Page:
As singer/songwriters go, it might be argued that Jimmie Dale Gilmore is more of a singer than a songwriter, but, on the basis of his second full-length album, Goodnight Lane, the opposite might be said of Gilmore's son Colin Gilmore. Not that Colin Gilmore can't sing; in fact, his voice is reminiscent of Jimmie Dale Gilmore's in terms of its phrasing and the rounded West Texas accent, though it is higher and thinner. It's just that Colin Gilmore's songs display considerable craftsmanship, the lyrics taking a poetic turn that gives the subject matter -- reflections on the musician's life, romantic encounters, and the world in general -- greater depth. As a composer, Colin Gilmore reflects more the influence of his father's partner in the Flatlanders, Joe Ely, which is to say that the leans more toward straight rock and jangle pop than he does toward country. In fact, his chief influences may be another Lubbock native, Buddy Holly, and Holly's contemporary and partner in death Ritchie Valens. It's no surprise that the Flatlanders have already called on the younger Gilmore for material, cutting his song "The Way We Are" on their Hills and Valleys album. Before long, country artists may be seeking out his albums for cover material, and there are several selections on Goodnight Lane they might find useful, in particular "Laughing Hard or Crying." Jimmie Dale Gilmore, meanwhile, might want to give a listen to "Llano," which sounds perfect for him to sing.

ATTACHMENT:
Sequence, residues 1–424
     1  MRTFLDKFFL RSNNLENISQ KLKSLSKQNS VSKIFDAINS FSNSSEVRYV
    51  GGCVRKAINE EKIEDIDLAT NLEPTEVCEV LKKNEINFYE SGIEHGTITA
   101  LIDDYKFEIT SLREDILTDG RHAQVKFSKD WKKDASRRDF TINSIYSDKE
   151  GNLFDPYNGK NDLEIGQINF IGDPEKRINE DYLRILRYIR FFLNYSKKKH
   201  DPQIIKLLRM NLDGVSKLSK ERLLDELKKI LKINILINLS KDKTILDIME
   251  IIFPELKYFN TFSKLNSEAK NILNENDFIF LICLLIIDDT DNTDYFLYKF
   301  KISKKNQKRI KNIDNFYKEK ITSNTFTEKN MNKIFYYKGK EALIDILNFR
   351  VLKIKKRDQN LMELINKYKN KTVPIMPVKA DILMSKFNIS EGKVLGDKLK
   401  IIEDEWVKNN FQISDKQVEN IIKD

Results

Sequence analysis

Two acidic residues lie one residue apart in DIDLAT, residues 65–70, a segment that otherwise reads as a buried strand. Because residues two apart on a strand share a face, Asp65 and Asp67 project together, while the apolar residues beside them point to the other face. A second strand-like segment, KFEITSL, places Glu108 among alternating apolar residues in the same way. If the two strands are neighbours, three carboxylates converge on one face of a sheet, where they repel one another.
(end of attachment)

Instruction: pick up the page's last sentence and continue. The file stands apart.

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AllMusic Review by William Ruhlmann